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jpggpj
New Orleans Saints Fan
Chair
Member since Oct 2005
3210 posts

Stock Shafts vs. Upgraded Shafts
After reading a few previous posts, I was curious if many people swap out the stock shafts with drivers and fairway woods much. I'm about to replace my fairway woods and have been thinking about getting one of the Fujikura Atmos shafts put on them but I'm not thinking it's worth the $250-$300 extra per club. Thinking if fitted properly that the stock shafts have enough options to be good enough? Curious what the forums thoughts on this are.


MakersMark
LSU Fan
Denham Springs
Member since May 2007
448 posts

re: Stock Shafts vs. Upgraded Shafts
Go get fitted. You may hit $100 shaft better than you hit a $250-300 shaft


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30
ell_13
USA Fan
Member since Apr 2013
62371 posts

re: Stock Shafts vs. Upgraded Shafts
The stock/made-for shaft market is atrocious. OEM's simply repaint old shit, outsource production with no check on tolerances, or go with cheapest materials.

MyGolfSpy did an article on this just over a year ago.

This isn't always the case. Ping is usually good. Some companies let you pick aftermarket shafts with no upcharge when building that club yourself or through a fitter or club. But almost always, the shaft that comes in the clubhead that you pick up off the rack in Edwin Watts is a "made-for" that's extremely cheaply made to the point that if you hit it well in a bay or fitting, there's no guarantee that the shaft will be the same when you order those specs. In other words if you hit the exact same club with the "same" made-for shaft, you could get completely different results.

But even then, the consumer isn't "safe" from being fricked over. Read the article. It's a shitty industry.
This post was edited on 2/6 at 1:51 pm


dfintlyHmmrd
LSU Fan
Jigga City
Member since Dec 2016
1087 posts

re: Stock Shafts vs. Upgraded Shafts
Isn't this starting to change? Aren't all the Calloway and Titleist clubs starting to come with real deal shafts? I think titleist has been using real deal Diamana shafts for awhile?


ell_13
USA Fan
Member since Apr 2013
62371 posts

re: Stock Shafts vs. Upgraded Shafts
I find it hard to trust any version of a shaft that has a "real deal" sister. Whether it's the evenflow, Rogue silver, t-800/t-1100, etc.

The frustrating part is when golfers and fitters work to get things right in a fitting only for an OEM to sabotage those results if the stock version is what worked best.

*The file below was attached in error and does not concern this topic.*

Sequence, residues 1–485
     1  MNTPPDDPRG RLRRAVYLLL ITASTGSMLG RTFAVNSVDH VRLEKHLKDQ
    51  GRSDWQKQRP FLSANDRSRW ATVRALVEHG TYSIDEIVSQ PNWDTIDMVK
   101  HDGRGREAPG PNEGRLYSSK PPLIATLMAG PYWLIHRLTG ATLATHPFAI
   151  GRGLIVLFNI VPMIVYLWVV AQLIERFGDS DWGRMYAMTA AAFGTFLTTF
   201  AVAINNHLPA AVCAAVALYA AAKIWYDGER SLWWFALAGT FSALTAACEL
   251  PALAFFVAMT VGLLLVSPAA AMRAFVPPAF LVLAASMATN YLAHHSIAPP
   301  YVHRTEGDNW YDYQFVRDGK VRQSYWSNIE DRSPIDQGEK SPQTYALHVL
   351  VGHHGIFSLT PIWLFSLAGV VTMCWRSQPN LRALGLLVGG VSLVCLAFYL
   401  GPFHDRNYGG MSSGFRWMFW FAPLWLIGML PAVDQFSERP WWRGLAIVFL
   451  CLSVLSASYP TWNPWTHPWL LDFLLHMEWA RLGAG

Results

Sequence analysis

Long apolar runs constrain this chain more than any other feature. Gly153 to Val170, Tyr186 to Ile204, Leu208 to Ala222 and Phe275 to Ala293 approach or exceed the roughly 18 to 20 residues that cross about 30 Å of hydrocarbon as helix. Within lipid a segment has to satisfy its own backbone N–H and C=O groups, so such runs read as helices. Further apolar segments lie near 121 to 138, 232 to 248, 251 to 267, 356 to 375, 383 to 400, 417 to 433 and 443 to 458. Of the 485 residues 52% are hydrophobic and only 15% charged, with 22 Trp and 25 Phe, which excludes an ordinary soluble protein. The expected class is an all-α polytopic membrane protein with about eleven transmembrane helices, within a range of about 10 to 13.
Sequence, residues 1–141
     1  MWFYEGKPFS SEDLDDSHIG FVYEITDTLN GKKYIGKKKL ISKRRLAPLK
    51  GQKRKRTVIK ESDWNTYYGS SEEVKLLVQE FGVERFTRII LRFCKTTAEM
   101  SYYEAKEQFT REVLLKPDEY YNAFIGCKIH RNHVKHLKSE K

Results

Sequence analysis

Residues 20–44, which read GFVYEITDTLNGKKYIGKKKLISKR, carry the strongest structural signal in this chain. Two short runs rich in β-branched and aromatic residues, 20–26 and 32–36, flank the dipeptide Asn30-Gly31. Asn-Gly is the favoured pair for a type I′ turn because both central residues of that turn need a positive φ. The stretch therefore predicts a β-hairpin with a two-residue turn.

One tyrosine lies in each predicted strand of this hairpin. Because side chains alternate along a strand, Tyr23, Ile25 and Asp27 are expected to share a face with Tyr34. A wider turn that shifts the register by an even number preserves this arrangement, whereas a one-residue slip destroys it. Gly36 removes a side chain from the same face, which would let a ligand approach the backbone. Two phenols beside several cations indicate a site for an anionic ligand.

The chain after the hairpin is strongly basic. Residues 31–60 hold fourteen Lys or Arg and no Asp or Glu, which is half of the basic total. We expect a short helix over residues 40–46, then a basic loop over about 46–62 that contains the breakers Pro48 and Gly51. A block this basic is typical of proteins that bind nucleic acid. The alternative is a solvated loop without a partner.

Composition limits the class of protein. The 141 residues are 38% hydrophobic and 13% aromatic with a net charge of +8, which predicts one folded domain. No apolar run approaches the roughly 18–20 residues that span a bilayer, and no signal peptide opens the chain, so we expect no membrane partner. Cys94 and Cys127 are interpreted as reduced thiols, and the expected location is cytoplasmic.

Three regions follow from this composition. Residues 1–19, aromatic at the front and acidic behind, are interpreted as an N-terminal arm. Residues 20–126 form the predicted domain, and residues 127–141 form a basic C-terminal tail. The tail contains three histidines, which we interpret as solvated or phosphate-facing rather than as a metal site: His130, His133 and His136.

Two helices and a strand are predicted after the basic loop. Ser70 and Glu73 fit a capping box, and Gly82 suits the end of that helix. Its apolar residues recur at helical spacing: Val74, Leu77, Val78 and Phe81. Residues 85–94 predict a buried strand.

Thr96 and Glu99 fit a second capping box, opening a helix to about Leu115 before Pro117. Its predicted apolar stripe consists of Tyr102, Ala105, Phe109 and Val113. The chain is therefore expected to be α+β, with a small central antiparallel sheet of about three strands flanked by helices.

ETA: I'm a Callaway fan but they and Project X are one of the worst. There are so many versions of HZRDUS and EvenFlow in so many colors that have both "regular" and "hand-crafted" models that I don't know where someone would start trying to figure it all out on their own. And where do you go to try them all yourself? Or a fitter that even has them all? It does look like they have a stock offering for this year's Epic Flash from Mitsubishi which is usually known for making good products since they're said to manage the materials and process from start to finish.
This post was edited on 2/6 at 2:42 pm


AlxTgr
LSU Fan
Kyre Banorg
Member since Oct 2003
62474 posts

re: Stock Shafts vs. Upgraded Shafts
quote:

The stock/made-for shaft market is atrocious. OEM's simply repaint old shit, outsource production with no check on tolerances, or go with cheapest materials.

MyGolfSpy did an article on this just over a year ago.

The writing for MyGolfSpy is the worst in the industry. Just look at the most recent take on two person carts. Whoever wrote that is a total moron.

From that article:

quote:

Made For shafts aren’t inherently bad or poor-quality. In fact, in some cases, they’re every bit the equal of more expensive aftermarket shafts.


I have been moving lots of equipment in the last 25 years. For most players, and basically all over 10 handicap and under 95 mph swing speed, the made for shafts are better than the real deal.


ell_13
USA Fan
Member since Apr 2013
62371 posts

re: Stock Shafts vs. Upgraded Shafts
I noticed you didn't quote the sentence right after:

quote:

Made For shafts aren’t inherently bad or poor-quality. In fact, in some cases, they’re every bit the equal of more expensive aftermarket shafts. However, the chief problem – and the impetus for this article – is the manner in which OEMs use this category of shafts to dupe, mislead or otherwise play consumers for fools.


JJ27
New Orleans Saints Fan
Member since Sep 2004
54962 posts
 Online 

re: Stock Shafts vs. Upgraded Shafts
I typically keep the same aftermarket shaft and just swap out the new head/adapter. I’ve used a Diamana A’hina X for years with probably 10 different heads.


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10
AlxTgr
LSU Fan
Kyre Banorg
Member since Oct 2003
62474 posts

re: Stock Shafts vs. Upgraded Shafts
quote:

I noticed you didn't quote the sentence right after:

For good reason.


ell_13
USA Fan
Member since Apr 2013
62371 posts

re: Stock Shafts vs. Upgraded Shafts